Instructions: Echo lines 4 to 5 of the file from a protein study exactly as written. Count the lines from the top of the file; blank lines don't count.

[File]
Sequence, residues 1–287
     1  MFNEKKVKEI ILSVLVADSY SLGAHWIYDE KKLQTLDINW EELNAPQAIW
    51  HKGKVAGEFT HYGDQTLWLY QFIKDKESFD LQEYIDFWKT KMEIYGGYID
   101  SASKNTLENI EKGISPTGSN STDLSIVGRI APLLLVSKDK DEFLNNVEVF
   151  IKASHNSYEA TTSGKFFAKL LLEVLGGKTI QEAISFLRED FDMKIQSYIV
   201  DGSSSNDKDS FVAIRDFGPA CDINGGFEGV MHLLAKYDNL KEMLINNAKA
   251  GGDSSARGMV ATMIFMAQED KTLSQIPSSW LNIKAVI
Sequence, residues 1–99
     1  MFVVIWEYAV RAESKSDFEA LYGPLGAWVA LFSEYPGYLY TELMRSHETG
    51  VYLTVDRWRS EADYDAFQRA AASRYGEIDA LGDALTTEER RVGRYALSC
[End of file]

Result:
   101  SASKNTLENI EKGISPTGSN STDLSIVGRI APLLLVSKDK DEFLNNVEVF
   151  IKASHNSYEA TTSGKFFAKL LLEVLGGKTI QEAISFLRED FDMKIQSYIV